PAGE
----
Mark Belleville of Hudson, N.H., holds the throttle for his paraglider in a field off Roachton Road in Perrysburg Township.
This Free Spirit paramotor weighs about 60 pounds and takes two-cycle gas. It was among the items of interest at the paragliding gathering in a field off Roachton Road in Perrysburg Township.
He calls it the "cheapest, safest way to fly."
Mark Belleville was back on the ground, in a field off Roachton Road in Perrysburg Township a few weeks ago, unhooking himself from a the engine and canopy of a paraglider.
He had traveled 800 miles from his home in Hudson, N.H., for a week of training with Bruce Brown, owner of Ohio Powered Paragliding in Bowling Green -- a week that had been a long time in the making.
"I've been dreaming of doing this for 20 years," Mr. Belleville said.
He is used to being up in the air. Mr. Belleville works as a lineman for an electric-power company in Massachusetts, and has been skydiving for 28 years. But paragliding offers both an adrenaline rush and serenity.
"It's like being a bird," he said.
Mr. Brown brings the human birds to a field he leases from a nearby farmer and teaches them how to operate both foot-launched and wheeled paragliders.
"We work mostly on the takeoff, that's the hardest part.... The flying part is the fun," he said.
Mark Belleville takes off in his paraglider after starting the paramotor, running through the field, and letting the breeze catch the canopy.
Instruction ranges from $100 introductory classes one to two hours long to a week-long, $1,000 course for owners of their own equipment. Mr. Brown offers training discounts for folks who buy equipment through his business, including custom-built orders. Paragliders range between $2,000 and $3,500, and paramotors typically cost between $5,400 and $6,700.
Mr. Belleville said the investment is far better than traditional flight lessons because he now owns the paraglider, and can go when and where he pleases, without a runway or the extraordinary expense of his own aircraft.
"All I have to do now is add fuel," he said of the 25 horsepower, 60-pound motor that he straps to his back. The motor takes about 2.5 gallons of two-cycle gasoline, which is good for two to three hours of flight.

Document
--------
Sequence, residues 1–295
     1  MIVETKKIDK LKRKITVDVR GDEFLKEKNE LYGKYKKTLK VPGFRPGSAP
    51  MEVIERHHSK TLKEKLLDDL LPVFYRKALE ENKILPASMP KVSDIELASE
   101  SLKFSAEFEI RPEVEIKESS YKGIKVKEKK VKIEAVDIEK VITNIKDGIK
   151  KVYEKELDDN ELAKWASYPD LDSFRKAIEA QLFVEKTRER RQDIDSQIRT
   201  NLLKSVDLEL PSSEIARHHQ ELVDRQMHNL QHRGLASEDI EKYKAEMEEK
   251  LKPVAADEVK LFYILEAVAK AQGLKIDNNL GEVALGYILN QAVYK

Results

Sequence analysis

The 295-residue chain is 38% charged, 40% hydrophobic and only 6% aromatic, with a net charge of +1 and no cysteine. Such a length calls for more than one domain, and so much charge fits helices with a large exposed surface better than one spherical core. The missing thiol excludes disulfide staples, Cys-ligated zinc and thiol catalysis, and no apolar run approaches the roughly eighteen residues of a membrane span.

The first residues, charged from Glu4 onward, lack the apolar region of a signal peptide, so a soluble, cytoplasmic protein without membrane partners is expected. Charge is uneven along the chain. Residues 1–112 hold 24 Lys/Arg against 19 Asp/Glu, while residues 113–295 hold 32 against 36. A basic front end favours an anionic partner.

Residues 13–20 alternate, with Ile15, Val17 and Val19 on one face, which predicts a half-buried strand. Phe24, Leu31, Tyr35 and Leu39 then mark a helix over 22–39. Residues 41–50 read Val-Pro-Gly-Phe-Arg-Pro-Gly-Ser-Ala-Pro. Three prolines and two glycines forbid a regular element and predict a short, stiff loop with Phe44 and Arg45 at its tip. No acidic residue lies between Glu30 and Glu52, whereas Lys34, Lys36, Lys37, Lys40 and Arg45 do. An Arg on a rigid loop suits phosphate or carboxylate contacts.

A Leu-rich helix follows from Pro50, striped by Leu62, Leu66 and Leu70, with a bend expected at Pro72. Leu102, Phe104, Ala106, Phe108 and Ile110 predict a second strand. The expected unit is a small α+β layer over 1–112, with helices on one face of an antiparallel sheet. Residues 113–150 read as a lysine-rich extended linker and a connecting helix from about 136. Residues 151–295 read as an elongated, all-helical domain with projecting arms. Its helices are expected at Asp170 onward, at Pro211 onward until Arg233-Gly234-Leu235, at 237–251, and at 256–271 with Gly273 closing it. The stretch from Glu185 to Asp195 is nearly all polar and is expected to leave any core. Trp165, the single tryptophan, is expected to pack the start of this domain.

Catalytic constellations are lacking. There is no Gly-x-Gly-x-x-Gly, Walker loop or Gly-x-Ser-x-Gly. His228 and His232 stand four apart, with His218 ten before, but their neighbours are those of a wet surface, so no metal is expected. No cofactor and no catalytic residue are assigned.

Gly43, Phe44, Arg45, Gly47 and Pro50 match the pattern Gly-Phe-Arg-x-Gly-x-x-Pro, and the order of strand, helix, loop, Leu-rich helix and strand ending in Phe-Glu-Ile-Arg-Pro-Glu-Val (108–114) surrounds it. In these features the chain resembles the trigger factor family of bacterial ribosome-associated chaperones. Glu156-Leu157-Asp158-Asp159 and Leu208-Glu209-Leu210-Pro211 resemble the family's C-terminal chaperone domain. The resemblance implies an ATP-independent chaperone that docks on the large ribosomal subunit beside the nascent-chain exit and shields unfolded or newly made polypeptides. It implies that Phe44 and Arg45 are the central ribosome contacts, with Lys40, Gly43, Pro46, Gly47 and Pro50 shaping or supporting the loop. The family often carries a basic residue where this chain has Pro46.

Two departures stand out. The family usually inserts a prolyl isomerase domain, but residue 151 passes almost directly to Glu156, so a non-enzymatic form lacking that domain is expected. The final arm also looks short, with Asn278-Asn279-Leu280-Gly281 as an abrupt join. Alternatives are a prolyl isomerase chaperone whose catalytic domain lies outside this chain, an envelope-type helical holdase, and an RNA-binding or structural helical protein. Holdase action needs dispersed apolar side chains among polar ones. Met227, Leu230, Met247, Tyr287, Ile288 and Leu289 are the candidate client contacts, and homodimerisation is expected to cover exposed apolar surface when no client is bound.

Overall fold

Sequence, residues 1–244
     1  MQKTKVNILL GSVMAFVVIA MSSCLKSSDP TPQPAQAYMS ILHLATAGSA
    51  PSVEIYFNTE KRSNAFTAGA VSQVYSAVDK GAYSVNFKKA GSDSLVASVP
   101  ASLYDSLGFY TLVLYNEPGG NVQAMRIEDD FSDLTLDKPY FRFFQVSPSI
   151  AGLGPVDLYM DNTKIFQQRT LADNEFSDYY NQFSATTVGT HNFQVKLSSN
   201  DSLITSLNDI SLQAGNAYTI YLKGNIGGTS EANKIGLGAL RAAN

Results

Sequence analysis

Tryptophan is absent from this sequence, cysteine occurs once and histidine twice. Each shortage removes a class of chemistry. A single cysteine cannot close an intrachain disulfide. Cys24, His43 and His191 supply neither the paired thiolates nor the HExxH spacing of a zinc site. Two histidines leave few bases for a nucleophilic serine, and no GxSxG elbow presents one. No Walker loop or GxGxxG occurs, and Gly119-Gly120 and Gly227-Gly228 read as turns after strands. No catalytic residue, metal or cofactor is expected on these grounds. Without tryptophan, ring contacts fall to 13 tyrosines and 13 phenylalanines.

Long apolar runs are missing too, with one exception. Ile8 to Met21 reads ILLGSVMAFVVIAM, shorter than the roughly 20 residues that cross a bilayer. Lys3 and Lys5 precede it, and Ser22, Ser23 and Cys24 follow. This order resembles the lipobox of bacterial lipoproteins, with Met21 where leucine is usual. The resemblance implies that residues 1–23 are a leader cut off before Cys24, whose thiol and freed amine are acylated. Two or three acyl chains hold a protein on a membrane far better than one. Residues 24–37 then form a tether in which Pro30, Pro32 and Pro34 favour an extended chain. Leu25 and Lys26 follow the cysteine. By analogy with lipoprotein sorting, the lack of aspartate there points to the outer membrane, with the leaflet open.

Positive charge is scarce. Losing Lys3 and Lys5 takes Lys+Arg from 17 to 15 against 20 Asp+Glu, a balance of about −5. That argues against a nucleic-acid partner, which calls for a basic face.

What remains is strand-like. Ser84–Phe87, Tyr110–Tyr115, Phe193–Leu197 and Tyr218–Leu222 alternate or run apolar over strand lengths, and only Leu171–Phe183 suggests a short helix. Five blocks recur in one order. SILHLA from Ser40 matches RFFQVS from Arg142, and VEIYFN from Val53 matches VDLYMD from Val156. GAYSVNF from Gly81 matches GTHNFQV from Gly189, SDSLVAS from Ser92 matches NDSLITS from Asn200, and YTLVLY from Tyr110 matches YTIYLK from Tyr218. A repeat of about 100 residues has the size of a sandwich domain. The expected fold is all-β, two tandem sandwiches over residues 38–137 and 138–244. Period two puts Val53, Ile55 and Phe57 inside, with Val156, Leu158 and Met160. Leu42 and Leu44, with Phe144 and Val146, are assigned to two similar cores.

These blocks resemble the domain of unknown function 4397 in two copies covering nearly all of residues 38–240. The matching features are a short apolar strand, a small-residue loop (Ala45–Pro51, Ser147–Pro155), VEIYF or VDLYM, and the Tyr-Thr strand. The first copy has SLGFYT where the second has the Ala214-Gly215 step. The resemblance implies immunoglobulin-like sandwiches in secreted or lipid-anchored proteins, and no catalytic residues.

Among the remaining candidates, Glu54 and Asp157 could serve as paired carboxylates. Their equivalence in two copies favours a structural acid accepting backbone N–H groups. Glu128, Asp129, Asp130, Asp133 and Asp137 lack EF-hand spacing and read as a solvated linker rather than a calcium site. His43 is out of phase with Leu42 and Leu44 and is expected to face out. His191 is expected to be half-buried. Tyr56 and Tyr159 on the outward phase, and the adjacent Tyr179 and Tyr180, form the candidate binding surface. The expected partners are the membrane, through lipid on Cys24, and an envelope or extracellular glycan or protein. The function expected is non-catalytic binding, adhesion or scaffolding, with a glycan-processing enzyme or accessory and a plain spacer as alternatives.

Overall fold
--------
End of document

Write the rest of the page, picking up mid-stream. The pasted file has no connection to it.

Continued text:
Mr. Belleville said that once he traveled from northwest Ohio back to New England, he would fly conservatively until he was experienced enough to handle the terrain obstacles in his area.
"As much as you have corn and soybeans and wheat here, we have trees," he said.
Mr. Brown said that while you certainly could "plunge to your death" or get tangled up in power lines, paragliding still was among the safest sports, especially with improvements in technology over the years.
"We have hand throttles ... in the '80s we had mouth throttles," he said.
Mr. Brown began paragliding in 1985 with wheeled units. Those models today come in three-wheel and four-wheel varieties with four-cylinder, 240-pound motors that take the same kind of fuel an automobile uses.
Mark Belleville flies his paraglider about 500 feet above the fields in Perrysburg Township.
"I like the foot-launch because it's so much more compact," he said, adding that you can pack that up and take it anywhere.
He has been everywhere. He has flown over badlands near Albuquerque, N.M., and around Pike's Peak in the Rocky Mountains west of Colorado Springs, Colo., as well as areas in Spain and Mexico.
Mr. Brown admits that northwest Ohio is a friendly place to fly, with its flat, open spaces. Wherever the locale though, he said, weather conditions rule the day.
"We become students of the weather," he said. Too windy or too wet, and you'll be staying on the ground.
Jim Debien, a Perrysburg Heights resident, happily stays in the field while others buzz overhead. He can see the paragliders from his home, but he often comes to the Roachton Road site, too.
"I love to watch them fly," he said.
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